Costs associated with acute respiratory illness and select virus infections in hospitalized children, El Salvador and Panama, 2012-2013

Jorge H Jara, Eduardo Azziz-Baumgartner, Tirza De Leon, Kathia Luciani, Yarisa Sujey Brizuela, Dora Estripeaut, Juan Miguel Castillo, Alfredo Barahona, Mary Corro, Rafael Cazares, Ofelina Vergara, Rafael Rauda, Rosalba González, Danilo Franco, Marc-Alain Widdowson, Wilfrido Clará, Juan P Alvis-Estrada, Christian Travis Murray, Ismael R Ortega-Sanchez, Fatimah S Dawood

Research output: Contribution to journalA1: Web of Science-article

Abstract

BACKGROUND AND OBJECTIVES: Although acute respiratory illness (ARI) is a leading cause of hospitalization among young children, few data are available about cost of hospitalization in middle-income countries. We estimated direct and indirect costs associated with severe ARI resulting in hospitalization among children aged <10 years in El Salvador and Panama through the societal perspective.

METHODS: During 2012 and 2013, we surveyed caregivers of children hospitalized with ARI about their direct medical (i.e., outpatient consultation, medications, hospital fees), non-medical (transportation, childcare), and indirect costs (lost wages) at discharge and 7 days after discharge. We multiplied subsidized hospital bed costs derived from administrative data by hospitalization days to estimate provider costs.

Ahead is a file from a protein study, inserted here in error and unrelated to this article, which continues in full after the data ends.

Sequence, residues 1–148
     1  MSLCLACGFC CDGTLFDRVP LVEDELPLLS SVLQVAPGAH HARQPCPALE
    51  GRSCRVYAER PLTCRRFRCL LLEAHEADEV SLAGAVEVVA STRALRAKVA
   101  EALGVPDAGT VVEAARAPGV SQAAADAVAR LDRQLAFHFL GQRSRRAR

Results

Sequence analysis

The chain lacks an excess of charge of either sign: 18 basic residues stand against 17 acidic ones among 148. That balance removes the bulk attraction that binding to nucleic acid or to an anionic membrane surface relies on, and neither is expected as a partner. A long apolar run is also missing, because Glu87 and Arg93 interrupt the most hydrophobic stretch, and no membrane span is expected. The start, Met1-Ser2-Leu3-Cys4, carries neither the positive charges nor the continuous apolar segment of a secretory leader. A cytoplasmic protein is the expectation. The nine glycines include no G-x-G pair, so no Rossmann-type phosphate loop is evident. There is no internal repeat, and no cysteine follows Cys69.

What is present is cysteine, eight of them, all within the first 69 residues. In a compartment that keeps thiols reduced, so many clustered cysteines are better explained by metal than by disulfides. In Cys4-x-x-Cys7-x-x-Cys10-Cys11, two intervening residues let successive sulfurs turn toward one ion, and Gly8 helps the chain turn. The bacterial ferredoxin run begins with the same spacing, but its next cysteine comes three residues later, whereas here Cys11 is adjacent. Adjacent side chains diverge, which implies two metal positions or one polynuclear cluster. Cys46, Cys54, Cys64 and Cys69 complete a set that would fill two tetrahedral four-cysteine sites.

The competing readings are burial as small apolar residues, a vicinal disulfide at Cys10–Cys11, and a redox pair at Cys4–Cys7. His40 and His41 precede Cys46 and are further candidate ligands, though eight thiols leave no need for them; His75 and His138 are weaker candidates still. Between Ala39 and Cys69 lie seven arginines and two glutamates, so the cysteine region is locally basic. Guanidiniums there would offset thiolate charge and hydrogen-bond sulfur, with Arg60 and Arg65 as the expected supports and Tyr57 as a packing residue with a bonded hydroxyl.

RESULTS: Overall, 638 children were enrolled with a median age of 12 months (IQR 6-23). Their median length of hospitalization was 4 days (IQR 3-6). In El Salvador, caregivers incurred a median of US$38 (IQR 22-72) in direct and indirect costs per illness episode, while the median government-paid hospitalization cost was US$118 (IQR 59-384) generating an overall societal cost of US$219 (IQR 101-416) per severe ARI episode. In Panama, caregivers incurred a median of US$75 (IQR 39-135) in direct and indirect costs, and the health-care system paid US$280 (IQR 150-420) per hospitalization producing an overall societal cost of US$393 (IQR 258-552).

CONCLUSIONS: The cost of severe ARI to caregivers and the health care system was substantive. Our estimates will inform models to estimate national costs of severe ARI and cost-benefit of prevention and treatment strategies.

Original languageEnglish
JournalJournal of Infection
Volume79
Issue number2
Pages (from-to)108-114
Number of pages7
ISSN0163-4453
DOIs
Publication statusPublished - 2019

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